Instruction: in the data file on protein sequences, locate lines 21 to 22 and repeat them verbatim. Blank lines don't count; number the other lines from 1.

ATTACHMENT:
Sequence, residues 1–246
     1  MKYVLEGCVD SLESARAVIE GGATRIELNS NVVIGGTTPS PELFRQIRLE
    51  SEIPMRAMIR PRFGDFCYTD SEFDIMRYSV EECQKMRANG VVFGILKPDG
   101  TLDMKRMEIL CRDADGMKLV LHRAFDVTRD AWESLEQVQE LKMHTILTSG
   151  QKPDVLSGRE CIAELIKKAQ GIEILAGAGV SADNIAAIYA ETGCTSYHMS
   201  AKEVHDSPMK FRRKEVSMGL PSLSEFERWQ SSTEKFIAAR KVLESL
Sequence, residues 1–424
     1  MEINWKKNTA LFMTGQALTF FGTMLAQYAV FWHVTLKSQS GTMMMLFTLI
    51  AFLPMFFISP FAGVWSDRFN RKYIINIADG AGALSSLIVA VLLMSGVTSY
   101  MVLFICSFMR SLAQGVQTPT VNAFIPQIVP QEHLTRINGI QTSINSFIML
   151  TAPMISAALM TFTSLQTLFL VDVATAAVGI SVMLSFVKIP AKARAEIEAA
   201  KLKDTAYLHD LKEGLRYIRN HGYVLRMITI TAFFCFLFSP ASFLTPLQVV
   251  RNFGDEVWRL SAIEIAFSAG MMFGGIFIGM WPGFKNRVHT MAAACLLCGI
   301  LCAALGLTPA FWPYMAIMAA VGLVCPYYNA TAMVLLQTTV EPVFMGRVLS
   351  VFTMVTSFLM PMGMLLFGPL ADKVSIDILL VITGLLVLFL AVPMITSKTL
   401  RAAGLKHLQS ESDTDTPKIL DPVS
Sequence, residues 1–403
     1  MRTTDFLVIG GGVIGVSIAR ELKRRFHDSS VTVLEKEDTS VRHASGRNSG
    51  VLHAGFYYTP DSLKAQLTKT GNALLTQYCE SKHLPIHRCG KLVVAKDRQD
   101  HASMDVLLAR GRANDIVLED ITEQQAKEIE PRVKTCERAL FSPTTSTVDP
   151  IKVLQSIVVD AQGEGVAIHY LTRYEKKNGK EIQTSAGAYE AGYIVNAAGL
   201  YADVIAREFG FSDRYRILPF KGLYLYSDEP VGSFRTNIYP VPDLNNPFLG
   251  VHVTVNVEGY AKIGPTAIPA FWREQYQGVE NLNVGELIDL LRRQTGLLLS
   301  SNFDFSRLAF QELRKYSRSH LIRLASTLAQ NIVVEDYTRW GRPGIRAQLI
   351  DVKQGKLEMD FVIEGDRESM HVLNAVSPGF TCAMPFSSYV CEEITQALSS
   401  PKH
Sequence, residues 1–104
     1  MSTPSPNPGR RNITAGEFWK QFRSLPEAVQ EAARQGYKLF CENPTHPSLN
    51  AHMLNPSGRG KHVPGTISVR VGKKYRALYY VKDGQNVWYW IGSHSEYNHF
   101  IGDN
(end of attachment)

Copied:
   151  IKVLQSIVVD AQGEGVAIHY LTRYEKKNGK EIQTSAGAYE AGYIVNAAGL
   201  YADVIAREFG FSDRYRILPF KGLYLYSDEP VGSFRTNIYP VPDLNNPFLG